Most actors who go through an intensive training regimen to build muscles and sculpt their bodies for a role are proud of the end result; they happily pose shirtless to show off their newly-defined abs and boast of the hard work that went into achieving them.
Not Ryan Gosling. Instead, the unassuming Golden Globe-nominated actor views his bulked-up body with embarrassment.
“Muscles are pointless,” he told HFPA members when he met them in New York. “They don’t do anything, they just help you lift something heavy. They’re not practical and they’re a bit like pets because you have to feed them and pet them and think about them and when you don’t pay attention to them, they just go away. They’re just these weird things that sit under your skin that don’t do anything. What’s the point in having them?’
Ryan, 30, is even dismissive of the work that went into building them. “It was just a lot of exercising—anybody could do it. It’s easy when you’re an actor because you have the time and they give you a team of people to help you.”
The actor, who was Golden Globe-nominated for Blue Valentine, developed the muscles for his role as a slick womanizer who teaches Steve Carell’s character how to pick up women in the romantic comedy Crazy Stupid Love. He also has two other movies due out soon—- Drive, about a Hollywood stunt man who moonlights as a getaway car driver, and The Ides of March, in which he plays a rising politician’s communications director in the political drama directed and produced by George Clooney.Read More »
Hollywood studios are enjoying their biggest ever box office take from overseas markets, according to a report in Weekly Variety.
The six studios’ collective international box office was up 20 per cent in 2010 over 2009, with Hollywood taking $12.69 billion of the $20 billion in overseas ticket sales. During the same period U.S. box office remained flat.
Although the studios see huge potential for growth and income overseas by adding more foreign language productions and acquisitions to their slates , with rising middle classes creating bigger box office in many territories, some are concerned about too much production and prefer to focus instead on bigger tentpole pictures in the U.S., says the magazine.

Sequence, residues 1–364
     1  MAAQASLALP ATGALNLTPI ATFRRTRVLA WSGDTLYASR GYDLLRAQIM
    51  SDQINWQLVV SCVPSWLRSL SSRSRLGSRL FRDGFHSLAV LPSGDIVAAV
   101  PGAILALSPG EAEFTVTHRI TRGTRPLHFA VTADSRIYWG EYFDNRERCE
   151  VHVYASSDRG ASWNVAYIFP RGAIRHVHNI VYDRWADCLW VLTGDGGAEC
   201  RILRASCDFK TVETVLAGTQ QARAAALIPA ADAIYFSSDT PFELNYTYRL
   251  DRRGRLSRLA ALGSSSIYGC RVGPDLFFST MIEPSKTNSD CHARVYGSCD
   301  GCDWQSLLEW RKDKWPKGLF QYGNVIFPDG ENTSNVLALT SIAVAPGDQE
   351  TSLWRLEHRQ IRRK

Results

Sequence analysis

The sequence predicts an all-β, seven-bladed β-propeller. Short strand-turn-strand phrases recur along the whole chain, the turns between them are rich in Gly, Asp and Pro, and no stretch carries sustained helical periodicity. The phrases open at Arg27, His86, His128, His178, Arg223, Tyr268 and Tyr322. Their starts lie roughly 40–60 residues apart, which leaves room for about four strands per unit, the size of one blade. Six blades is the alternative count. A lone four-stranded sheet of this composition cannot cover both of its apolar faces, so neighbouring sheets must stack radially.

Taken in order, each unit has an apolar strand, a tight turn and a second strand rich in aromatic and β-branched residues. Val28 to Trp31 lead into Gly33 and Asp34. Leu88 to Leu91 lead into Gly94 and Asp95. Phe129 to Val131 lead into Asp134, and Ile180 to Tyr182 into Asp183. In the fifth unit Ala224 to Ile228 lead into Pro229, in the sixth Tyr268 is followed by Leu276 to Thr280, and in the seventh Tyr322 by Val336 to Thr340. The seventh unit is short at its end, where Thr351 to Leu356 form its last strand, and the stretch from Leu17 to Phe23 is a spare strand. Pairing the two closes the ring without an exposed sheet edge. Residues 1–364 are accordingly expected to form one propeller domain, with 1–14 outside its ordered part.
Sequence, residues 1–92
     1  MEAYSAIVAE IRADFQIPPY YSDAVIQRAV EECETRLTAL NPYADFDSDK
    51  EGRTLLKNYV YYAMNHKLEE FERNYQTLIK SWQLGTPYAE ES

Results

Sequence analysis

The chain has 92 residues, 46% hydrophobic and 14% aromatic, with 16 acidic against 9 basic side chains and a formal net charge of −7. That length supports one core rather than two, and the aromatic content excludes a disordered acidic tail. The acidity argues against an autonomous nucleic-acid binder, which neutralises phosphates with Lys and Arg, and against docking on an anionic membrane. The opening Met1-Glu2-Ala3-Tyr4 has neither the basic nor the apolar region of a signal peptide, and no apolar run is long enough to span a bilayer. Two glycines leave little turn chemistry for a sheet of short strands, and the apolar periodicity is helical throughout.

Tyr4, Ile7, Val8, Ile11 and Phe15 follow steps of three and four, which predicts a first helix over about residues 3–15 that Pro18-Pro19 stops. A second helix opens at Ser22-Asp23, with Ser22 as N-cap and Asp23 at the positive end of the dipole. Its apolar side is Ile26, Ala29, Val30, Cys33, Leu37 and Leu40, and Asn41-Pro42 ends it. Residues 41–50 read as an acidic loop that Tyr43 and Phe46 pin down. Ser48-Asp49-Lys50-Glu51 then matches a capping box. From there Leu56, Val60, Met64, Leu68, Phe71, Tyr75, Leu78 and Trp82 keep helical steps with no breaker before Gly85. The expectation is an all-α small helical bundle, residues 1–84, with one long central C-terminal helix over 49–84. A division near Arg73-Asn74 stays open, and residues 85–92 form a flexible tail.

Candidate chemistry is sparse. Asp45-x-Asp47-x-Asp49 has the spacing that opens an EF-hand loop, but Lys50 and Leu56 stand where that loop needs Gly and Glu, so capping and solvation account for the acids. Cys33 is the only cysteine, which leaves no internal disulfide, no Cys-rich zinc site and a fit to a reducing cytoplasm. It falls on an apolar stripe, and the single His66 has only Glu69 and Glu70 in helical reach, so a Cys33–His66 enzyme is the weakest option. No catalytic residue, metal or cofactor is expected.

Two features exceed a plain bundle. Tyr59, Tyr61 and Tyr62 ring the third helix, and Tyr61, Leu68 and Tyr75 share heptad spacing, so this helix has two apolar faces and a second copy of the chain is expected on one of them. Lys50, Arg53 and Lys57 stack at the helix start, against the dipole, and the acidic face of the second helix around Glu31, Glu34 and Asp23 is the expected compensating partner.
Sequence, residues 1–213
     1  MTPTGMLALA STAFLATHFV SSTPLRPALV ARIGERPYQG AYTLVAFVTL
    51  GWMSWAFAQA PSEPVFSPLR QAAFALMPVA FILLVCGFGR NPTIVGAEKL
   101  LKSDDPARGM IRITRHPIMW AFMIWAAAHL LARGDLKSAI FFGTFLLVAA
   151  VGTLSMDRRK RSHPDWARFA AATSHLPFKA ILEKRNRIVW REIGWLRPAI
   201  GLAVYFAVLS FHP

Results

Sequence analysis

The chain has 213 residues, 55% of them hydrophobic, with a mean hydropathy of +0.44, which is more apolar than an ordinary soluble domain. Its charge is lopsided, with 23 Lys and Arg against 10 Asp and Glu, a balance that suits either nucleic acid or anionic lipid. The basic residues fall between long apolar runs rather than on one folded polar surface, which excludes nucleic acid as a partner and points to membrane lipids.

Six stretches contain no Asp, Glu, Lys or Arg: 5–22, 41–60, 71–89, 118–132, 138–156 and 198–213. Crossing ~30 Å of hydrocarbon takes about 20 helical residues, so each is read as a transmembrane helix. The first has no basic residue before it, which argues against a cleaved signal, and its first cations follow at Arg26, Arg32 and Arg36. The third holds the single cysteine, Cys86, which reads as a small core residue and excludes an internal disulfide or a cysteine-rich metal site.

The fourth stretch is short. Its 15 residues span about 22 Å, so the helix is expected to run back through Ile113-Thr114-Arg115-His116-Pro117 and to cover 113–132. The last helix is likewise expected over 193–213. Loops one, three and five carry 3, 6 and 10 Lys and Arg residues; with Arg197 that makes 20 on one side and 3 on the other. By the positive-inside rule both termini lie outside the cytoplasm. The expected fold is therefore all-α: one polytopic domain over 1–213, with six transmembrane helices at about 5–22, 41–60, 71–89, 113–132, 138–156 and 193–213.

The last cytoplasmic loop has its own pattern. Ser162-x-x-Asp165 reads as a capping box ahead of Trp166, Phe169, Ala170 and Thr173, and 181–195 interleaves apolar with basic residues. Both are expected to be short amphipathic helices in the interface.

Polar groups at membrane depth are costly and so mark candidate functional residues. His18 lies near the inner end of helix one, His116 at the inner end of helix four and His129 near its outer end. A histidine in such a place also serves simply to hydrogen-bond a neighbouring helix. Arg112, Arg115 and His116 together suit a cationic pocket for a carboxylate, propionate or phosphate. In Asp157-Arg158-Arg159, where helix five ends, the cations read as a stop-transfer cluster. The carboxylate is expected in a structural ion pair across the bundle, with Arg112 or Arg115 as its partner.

William Morris Endeavor’s international division co-head Elia Infascelli tells Weekly Variety: ” On paper, the move towards producing local films is a business that makes sense. You can make more money from releasing local-language productions, grow local talent, find projects for remakes and feed overesas distribution pipelines. And in a world where 70 per cent of the box office is now overseas, you get to cast more stars from international territories, have a relationship with them earlier and a high chance of putting them in your movies.”
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Indiana Jones star Harrison Ford has particularly fond memories of the
2002 Golden Globes awards.
He has attended many Golden Globe shows but 2002 was the year he received the prestigious Cecil B de Mille Award for lifetime achievement in motion pictures. And he also won another, special prize. “That’s where I met my wife, so it has particularly good memories for me,” he said.
He and Calista Flockart were together for eight years before they married in June 2009 in Santa Fe, New Mexico while he was on location filming Cowboys and Aliens.Read More »
Congratulations to HFPA member Gabrielle Donnelly on the success of her fifth novel, THE LITTLE WOMEN LETTERS, which was published on June 7 by the Touchstone imprint of Simon & Schuster.
THE LITTLE WOMEN LETTERS, a modern day homage, set in contemporary London, to Louisa May Alcott’s beloved classic LITTLE WOMEN, is hitting best seller lists in Britain and America alike and winning overwhelmingly enthusiastic reviews from both print outlets and blogs, with THE WASHINGTON POST declaring it “could be just the perfect pool-side read” (June 18) and a chorus of praise on goodreads hailing it as “captivating,” “FANTASTIC!” (capitals and screamer the reviewer’s own) and “a joy.”
Gabrielle Donnelly was born and brought up in London and has lived in Los Angeles since 1980. As well as writing novels, she contributes to The Daily Mail, Hello!, Saga, and Women’s Weekly. She has been a member of the Hollywood Foreign Press Association since 1984.
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By Jorge Camara
Typical of the period, the picture was a romanticized and not quite accurate biography of famous songstress, Jane Froman, whose real voice was used in all the singing sequences. Froman was in an airplane crash on an USO tour during World War II. Her valiant refusal to be seen as a cripple, and her efforts to reclaim her career without the use of her legs, form the dramatic core of the film. Romantic entanglements ensue between the singer and her husband (David Wayne) who managed her and made her a star, and the pilot (Rory Calhoun) who survived the same accident. Many of the unavoidable tendencies to schmaltz and sentimentality are thankfully and firmly squashed by the incomparable Thelma Ritter, appearing in the role of a nurse who refuses to allow her ward to wallow in self-pity. In a small role credited with making him a star, a very young Robert Wagner plays a shell-shocked soldier who comes to life when Hayward sings to him.